A zombie apocalypse is one thing. A volcanic eruption is quite another, for, as the journalist who does a framing voice-over narration for Brooks’ latest puts it, when Mount Rainier popped its cork, “it was the psychological aspect, the hyperbole-fueled hysteria that had ended up killing the most people.” Maybe, but the sasquatches whom the volcano displaced contributed to the statistics, too, if only out of self-defense. Brooks places the epicenter of the Bigfoot war in a high-tech hideaway populated by the kind of people you might find in a Jurassic Park franchise: the schmo who doesn’t know how to do much of anything but tries anyway, the well-intentioned bleeding heart, the know-it-all intellectual who turns out to know the wrong things, the immigrant with a tough backstory and an instinct for survival. Indeed, the novel does double duty as a survival manual, packed full of good advice—for instance, try not to get wounded, for “injury turns you from a giver to a taker. Taking up our resources, our time to care for you.” Brooks presents a case for making room for Bigfoot in the world while peppering his narrative with timely social criticism about bad behavior on the human side of the conflict: The explosion of Rainier might have been better forecast had the president not slashed the budget of the U.S. Geological Survey, leading to “immediate suspension of the National Volcano Early Warning System,” and there’s always someone around looking to monetize the natural disaster and the sasquatch-y onslaught that follows. Brooks is a pro at building suspense even if it plays out in some rather spectacularly yucky episodes, one involving a short spear that takes its name from “the sucking sound of pulling it out of the dead man’s heart and lungs.” Grossness aside, it puts you right there on the scene.

A tasty, if not always tasteful, tale of supernatural mayhem that fans of King and Crichton alike will enjoy.

Pub Date: June 16, 2020

ISBN: 978-1-9848-2678-7

Page Count: 304

Publisher: Del Rey/Ballantine

Review Posted Online: Feb. 10, 2020

Kirkus Reviews Issue: March 1, 2020

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Finding positivity in negative pregnancy-test results, this depiction of a marriage in crisis is nearly perfect.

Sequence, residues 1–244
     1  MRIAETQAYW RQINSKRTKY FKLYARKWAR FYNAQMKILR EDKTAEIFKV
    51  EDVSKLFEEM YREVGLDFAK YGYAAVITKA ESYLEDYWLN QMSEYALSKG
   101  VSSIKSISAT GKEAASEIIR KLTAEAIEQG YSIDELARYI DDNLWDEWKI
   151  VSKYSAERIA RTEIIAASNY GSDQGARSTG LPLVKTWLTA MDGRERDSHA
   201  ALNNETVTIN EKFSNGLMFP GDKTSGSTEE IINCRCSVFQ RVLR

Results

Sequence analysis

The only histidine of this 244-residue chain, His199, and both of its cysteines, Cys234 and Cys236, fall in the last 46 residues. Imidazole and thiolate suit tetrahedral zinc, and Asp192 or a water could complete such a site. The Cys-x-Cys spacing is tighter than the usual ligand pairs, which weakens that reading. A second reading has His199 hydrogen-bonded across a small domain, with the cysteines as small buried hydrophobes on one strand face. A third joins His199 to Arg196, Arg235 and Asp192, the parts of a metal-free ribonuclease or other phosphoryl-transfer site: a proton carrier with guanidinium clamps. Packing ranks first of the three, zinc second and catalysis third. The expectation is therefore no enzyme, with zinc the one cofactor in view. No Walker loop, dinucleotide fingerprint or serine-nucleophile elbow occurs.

ALL YOUR PERFECTS

Named for an imperfectly worded fortune cookie, Hoover's (It Ends with Us, 2016, etc.) latest compares a woman’s relationship with her husband before and after she finds out she’s infertile.

Quinn meets her future husband, Graham, in front of her soon-to-be-ex-fiance’s apartment, where Graham is about to confront him for having an affair with his girlfriend. A few years later, they are happily married but struggling to conceive. The “then and now” format—with alternating chapters moving back and forth in time—allows a hopeful romance to blossom within a dark but relatable dilemma. Back then, Quinn’s bad breakup leads her to the love of her life. In the now, she’s exhausted a laundry list of fertility options, from IVF treatments to adoption, and the silver lining is harder to find. Quinn’s bad relationship with her wealthy mother also prevents her from asking for more money to throw at the problem. But just when Quinn’s narrative starts to sound like she’s writing a long Facebook rant about her struggles, she reveals the larger issue: Ever since she and Graham have been trying to have a baby, intimacy has become a chore, and she doesn’t know how to tell him. Instead, she hopes the contents of a mystery box she’s kept since their wedding day will help her decide their fate. With a few well-timed silences, Hoover turns the fairly common problem of infertility into the more universal problem of poor communication. Graham and Quinn may or may not become parents, but if they don’t talk about their feelings, they won’t remain a couple, either.

Finding positivity in negative pregnancy-test results, this depiction of a marriage in crisis is nearly perfect.

Pub Date: July 17, 2018

ISBN: 978-1-5011-7159-8

Page Count: 320

Publisher: Atria

Review Posted Online: May 1, 2018

Kirkus Reviews Issue: May 15, 2018